Electric vehicle chargers in city centres have never been intended for mainstream charging, an IET expert said after BBC revealed councils have invested in chargers that are rarely used.
“What we want electric car users to do is to charge their vehicles at home, overnight,” said Professor Roger Kemp from Lancaster University in an interview with E&T magazine. “The city chargers are here mostly to provide users with confidence that if they run out of power downtown, there will be a place to charge,” he said, explaining that encouraging people to use fast chargers during peak-demand hours could knock out the power grid.
Last week, the BBC said councils across the UK had invested more than £7.2m in developing infrastructure for electric vehicles that in many cases is barely being used. Following the revelations, several councils have admitted doubting the investment.
The fact that many slow-charging points have been installed in places such as short-term car parks was pointed out by the BBC as nonsensical.
But Professor Kemp said the fast chargers could, in fact, have a completely opposite effect on the environment than desired. “Electric cars could help us substantially decrease carbon emissions,” he said. “But if you charge cars during the day, it would place extra strain on the electricity-generating infrastructure and would require more electricity generation using fossil fuels. That’s not the way toward the low-carbon grid we are looking for.”
However, he said, many problems related to the construction of charging posts stemmed from the fact that standards for electric-vehicle charging had only been agreed by European stakeholders in 2011. Until then, several standards were in use, resulting in some of them becoming obsolete far too early.
Despite being still a tiny minority, the number of electric car owners has been rising exponentially in the past years.
“Infrastructure attracts electric vehicle (EV) ownership,” said Phil Blythe, professor of intelligent transport at Newcastle University. “In the UK, we have the largest EV charging infrastructure in Europe - over 700 public charging posts - and the highest EV ownership per head of population.”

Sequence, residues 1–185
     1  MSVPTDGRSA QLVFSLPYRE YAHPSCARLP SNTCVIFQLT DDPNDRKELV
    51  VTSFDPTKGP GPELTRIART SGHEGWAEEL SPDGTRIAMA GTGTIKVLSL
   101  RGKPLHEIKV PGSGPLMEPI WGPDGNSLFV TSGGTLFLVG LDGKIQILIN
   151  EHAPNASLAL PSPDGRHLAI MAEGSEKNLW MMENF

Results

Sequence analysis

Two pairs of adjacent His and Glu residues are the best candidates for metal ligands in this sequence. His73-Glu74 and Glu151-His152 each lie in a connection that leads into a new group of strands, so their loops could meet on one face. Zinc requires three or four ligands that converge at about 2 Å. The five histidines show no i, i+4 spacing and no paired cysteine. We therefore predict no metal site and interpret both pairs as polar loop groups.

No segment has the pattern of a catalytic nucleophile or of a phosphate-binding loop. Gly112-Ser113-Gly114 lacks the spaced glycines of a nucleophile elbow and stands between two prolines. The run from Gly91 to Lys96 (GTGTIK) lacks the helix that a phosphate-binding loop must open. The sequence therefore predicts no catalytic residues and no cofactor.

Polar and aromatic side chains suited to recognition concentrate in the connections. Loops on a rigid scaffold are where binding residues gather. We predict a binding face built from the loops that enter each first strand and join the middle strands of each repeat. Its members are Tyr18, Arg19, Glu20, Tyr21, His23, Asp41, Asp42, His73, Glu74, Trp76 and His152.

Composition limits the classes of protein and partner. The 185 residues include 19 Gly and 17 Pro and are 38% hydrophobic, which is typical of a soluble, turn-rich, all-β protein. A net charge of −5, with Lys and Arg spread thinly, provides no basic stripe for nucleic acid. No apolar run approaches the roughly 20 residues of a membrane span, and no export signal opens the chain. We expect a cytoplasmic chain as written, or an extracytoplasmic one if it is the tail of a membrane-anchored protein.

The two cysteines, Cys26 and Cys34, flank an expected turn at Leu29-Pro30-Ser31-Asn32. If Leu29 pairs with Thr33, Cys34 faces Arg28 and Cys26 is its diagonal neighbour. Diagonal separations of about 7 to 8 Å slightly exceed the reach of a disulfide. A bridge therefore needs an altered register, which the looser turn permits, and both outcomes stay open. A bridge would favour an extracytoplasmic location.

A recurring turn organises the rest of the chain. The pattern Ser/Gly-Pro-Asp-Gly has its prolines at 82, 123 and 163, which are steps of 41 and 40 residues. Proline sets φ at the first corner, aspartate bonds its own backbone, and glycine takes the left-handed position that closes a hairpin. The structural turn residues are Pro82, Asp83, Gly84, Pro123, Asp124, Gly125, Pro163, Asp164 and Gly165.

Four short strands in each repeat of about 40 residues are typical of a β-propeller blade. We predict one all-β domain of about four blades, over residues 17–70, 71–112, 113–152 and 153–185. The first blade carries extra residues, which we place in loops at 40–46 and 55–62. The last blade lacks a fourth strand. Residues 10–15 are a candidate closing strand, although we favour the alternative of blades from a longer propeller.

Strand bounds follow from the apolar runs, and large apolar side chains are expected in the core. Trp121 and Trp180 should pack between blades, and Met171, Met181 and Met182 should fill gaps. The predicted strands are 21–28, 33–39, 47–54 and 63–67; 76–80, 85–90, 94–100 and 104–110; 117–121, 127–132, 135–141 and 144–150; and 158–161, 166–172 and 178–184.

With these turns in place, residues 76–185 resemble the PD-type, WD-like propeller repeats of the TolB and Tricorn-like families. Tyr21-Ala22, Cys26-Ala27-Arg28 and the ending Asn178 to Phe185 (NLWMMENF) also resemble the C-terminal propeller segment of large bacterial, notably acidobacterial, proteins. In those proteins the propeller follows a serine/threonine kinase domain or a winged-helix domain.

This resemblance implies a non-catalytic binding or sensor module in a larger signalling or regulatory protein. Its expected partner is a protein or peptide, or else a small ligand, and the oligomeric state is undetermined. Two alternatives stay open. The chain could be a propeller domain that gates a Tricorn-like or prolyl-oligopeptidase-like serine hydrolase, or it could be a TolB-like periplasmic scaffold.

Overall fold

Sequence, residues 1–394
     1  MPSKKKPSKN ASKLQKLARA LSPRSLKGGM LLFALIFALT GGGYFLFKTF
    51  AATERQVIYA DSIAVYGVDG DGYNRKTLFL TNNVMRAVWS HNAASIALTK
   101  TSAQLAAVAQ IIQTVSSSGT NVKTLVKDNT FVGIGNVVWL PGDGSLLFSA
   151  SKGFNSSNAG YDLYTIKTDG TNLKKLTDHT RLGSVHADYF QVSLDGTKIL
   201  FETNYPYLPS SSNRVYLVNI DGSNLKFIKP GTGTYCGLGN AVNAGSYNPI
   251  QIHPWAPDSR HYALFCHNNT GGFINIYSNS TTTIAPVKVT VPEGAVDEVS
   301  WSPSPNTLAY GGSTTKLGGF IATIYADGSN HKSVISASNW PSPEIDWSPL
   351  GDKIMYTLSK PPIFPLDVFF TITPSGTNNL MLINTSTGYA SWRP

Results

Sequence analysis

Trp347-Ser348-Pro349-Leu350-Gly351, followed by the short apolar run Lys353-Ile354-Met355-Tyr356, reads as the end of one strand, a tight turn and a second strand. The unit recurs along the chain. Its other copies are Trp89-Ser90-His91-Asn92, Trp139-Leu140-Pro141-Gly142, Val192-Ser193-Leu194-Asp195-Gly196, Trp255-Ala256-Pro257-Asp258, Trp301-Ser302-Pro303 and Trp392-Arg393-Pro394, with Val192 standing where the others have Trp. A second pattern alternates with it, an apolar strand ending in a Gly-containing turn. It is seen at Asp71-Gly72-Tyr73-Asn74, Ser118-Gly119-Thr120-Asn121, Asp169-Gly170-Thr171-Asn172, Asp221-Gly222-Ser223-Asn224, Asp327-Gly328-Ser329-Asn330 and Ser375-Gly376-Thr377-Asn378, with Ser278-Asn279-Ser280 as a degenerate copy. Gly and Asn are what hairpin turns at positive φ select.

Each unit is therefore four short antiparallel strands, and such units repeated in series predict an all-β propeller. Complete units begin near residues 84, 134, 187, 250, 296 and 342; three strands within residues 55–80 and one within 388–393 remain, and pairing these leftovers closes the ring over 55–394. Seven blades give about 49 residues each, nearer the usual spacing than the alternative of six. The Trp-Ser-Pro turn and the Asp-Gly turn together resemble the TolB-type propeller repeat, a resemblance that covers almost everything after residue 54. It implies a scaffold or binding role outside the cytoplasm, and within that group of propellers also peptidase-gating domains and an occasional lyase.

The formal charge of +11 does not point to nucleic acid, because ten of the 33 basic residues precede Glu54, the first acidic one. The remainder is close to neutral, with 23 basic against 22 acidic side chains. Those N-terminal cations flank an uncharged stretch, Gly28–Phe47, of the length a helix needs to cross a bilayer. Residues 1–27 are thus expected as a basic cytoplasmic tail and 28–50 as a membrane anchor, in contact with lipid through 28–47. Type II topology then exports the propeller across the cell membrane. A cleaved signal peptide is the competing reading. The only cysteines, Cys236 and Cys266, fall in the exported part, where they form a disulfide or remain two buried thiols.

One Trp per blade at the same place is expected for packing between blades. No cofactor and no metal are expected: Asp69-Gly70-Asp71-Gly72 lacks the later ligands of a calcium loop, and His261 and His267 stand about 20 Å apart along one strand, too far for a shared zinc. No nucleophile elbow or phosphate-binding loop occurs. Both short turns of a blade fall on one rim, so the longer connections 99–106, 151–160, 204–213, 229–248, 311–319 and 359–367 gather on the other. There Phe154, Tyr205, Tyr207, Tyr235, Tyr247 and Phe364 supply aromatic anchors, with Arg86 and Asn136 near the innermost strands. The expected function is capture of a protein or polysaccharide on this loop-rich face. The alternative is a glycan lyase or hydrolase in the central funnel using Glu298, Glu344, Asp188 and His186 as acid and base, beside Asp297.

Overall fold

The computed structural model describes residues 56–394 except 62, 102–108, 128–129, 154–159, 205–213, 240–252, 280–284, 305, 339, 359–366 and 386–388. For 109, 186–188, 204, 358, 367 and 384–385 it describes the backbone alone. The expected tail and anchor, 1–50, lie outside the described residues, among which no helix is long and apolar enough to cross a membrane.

Both, Professor Blythe and Professor Kemp were among authors of the 2010 Royal Academy of Engineering report on electric vehicles, setting out the plans for electrifying UK’s private transport.
The biggest obstacle on the way towards the expansion of electric mobility, they say, is the currently extremely high price of existing electric vehicles. For example, Tesla Motors, one of the market leaders, sells its acclaimed Tesla Model S for some £46,000, about the price of top diesel-powered models of German premium brands Mercedes, BMW or Audi.
“What governments need to do is to encourage development and production of a mass market car,” said Roger Kemp. “Something not exclusively for very rich people but those who drive a Volkswagen Polo or Ford Focus,” he said.
But even then, the electric cars are not going to be for everyone, at least at the current stage of technology development. “With the maximum range of most EVs being less than 100 miles – these vehicles will not be suitable for everyone,” Professor Blythe said. “But remember statistics of the Department of Transport suggest over 90 per cent of journeys in the UK are less than 20km.”
European Commission believes electric car ownership will continue to rise. According to the forecasts, the number of registered EVs in the EU is expected to grow from 45,000 in 2013 to 400,000 two years later.
Electric cars are not only seen as the way towards reducing pollution and weaning off fossil fuels; they are counted on as an integral part of future smart grids – electricity distribution networks that would be able to respond smoothly in real time to consumers’ needs.